Maybe they’re rocking Twitter, or Instagram, or webinars or a podcast…
And logically, you think that if you use the same tactics, you can get yourself the same kinds of results. Seems to make sense, right?
Except, a tactic is pointless if there’s no strategy behind it.
You can throw spaghetti at the wall as much as you want, but all you’ll create is a very dirty wall.
Anyway, the real problem is bigger: even if you closely observe the way the other’s tactics combine into a strategy, you’re still missing the most important point:
The thinking behind the strategy.
And even if you really get the thinking, you still won’t get far if you just copy it.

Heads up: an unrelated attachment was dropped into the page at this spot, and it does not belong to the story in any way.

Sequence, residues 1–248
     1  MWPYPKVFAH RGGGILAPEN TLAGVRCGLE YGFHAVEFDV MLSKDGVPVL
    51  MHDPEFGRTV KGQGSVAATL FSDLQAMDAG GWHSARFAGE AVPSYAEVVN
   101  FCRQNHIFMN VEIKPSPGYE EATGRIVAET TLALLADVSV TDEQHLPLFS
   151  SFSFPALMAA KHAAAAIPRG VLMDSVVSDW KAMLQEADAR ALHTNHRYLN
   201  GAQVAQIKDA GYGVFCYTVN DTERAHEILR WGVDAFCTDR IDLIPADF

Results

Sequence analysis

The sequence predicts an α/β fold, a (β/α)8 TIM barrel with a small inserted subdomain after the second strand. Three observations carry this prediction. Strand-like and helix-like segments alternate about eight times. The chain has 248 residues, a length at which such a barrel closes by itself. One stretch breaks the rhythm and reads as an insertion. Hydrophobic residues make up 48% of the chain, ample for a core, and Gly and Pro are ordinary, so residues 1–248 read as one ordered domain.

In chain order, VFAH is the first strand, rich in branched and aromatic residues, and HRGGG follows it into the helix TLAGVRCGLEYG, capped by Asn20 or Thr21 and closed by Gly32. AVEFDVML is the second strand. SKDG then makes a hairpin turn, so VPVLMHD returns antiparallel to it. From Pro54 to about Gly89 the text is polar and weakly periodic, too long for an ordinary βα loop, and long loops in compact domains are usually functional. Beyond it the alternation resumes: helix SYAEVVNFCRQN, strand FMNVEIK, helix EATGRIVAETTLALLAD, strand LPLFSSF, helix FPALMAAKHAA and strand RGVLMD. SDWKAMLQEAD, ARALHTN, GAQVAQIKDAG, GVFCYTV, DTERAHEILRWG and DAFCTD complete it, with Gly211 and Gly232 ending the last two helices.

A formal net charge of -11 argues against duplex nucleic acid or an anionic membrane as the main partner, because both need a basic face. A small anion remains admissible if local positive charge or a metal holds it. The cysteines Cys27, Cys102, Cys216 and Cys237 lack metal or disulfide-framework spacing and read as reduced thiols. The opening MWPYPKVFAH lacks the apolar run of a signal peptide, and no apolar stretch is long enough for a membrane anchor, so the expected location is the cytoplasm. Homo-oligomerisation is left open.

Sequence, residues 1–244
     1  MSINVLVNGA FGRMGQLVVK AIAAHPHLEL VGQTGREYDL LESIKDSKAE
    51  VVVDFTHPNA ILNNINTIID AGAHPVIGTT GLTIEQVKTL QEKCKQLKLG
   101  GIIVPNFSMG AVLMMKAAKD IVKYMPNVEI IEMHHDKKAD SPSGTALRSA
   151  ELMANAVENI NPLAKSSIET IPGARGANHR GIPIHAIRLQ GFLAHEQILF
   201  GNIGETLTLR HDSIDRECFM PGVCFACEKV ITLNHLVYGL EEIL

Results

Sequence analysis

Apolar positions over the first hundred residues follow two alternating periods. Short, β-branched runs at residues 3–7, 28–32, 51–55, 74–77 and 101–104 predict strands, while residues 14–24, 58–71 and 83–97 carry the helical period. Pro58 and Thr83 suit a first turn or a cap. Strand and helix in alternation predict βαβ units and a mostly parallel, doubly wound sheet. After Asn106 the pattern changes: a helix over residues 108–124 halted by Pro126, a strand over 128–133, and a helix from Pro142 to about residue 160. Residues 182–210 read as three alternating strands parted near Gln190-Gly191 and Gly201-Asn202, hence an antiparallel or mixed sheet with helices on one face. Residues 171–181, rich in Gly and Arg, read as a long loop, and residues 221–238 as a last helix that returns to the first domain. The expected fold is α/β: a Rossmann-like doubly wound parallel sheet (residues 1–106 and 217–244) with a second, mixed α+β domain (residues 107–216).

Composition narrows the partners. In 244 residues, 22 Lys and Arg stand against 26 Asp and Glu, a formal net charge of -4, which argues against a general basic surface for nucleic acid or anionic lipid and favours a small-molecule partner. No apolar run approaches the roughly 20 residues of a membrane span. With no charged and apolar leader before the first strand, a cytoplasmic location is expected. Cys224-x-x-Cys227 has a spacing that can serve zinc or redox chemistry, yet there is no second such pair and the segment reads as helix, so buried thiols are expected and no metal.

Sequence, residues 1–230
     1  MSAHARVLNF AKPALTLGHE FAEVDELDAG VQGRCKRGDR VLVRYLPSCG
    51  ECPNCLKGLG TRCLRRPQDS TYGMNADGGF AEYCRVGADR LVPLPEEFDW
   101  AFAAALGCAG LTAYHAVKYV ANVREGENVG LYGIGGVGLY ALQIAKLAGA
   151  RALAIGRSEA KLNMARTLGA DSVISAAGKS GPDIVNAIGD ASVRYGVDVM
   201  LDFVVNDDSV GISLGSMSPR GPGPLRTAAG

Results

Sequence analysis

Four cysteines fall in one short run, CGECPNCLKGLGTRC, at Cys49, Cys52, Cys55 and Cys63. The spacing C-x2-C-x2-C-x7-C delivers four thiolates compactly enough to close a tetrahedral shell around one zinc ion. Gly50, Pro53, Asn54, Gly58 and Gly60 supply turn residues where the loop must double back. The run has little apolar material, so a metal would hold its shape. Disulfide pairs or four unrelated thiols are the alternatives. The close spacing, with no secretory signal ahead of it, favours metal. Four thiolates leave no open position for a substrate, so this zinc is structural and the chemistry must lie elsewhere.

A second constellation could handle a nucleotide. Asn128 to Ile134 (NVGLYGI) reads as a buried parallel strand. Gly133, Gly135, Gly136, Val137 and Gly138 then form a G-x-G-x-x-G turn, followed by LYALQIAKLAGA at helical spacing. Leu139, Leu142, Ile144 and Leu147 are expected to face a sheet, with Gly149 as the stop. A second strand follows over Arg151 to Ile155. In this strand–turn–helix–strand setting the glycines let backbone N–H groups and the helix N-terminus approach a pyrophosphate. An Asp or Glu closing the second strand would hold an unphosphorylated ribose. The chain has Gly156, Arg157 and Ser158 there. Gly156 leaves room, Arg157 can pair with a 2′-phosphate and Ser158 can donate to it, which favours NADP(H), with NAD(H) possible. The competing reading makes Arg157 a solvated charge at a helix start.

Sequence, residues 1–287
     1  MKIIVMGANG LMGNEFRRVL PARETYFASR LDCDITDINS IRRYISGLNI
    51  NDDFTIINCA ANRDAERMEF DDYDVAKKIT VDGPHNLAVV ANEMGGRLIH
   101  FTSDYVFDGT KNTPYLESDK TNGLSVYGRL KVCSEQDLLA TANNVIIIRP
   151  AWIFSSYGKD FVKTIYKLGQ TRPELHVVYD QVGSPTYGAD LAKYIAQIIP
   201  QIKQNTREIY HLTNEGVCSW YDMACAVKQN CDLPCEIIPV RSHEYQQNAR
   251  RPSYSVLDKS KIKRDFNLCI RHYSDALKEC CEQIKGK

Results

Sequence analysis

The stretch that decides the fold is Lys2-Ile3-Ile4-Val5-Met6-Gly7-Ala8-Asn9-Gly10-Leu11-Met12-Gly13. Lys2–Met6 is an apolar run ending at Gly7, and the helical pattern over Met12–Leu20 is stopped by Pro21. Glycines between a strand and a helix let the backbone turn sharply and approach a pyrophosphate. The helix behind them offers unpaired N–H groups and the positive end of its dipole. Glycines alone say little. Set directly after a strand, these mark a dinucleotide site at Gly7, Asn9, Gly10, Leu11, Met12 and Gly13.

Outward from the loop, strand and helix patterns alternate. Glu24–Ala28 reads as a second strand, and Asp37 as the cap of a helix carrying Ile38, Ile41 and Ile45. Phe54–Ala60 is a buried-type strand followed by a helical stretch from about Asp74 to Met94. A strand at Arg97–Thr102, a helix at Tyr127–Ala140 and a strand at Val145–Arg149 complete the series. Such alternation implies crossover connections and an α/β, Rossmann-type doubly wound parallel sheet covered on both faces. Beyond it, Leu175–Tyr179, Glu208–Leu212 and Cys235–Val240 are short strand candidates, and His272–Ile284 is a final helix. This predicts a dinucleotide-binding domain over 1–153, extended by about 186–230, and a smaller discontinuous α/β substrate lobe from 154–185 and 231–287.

Because that thinking, and the way it works in their business, is inherently that of the other person. And you’re not the other person.
You don’t know the connections they have, the books they’ve read, the trainings they’ve followed… the way childhood and previous careers and untold failures have shaped them.
In short, you can maybe see what the thinking is, but you’ll have to create your own thinking, from which to build a strategy, which you can then break down into tactics.
Obviously it’s extremely useful to look at others and learn from them, and implement elements from their business operations.
Just make sure you never copy what you think is their thinking, because it’s impossibly to have the full picture, and you’ll end up building a Frankenstrategy.
If you want a business and marketing strategy that works, start with your own thinking (inspired by others as it might be), and then roll your own.
And if that’s with the help of a coach, just holler.
Also published on Medium.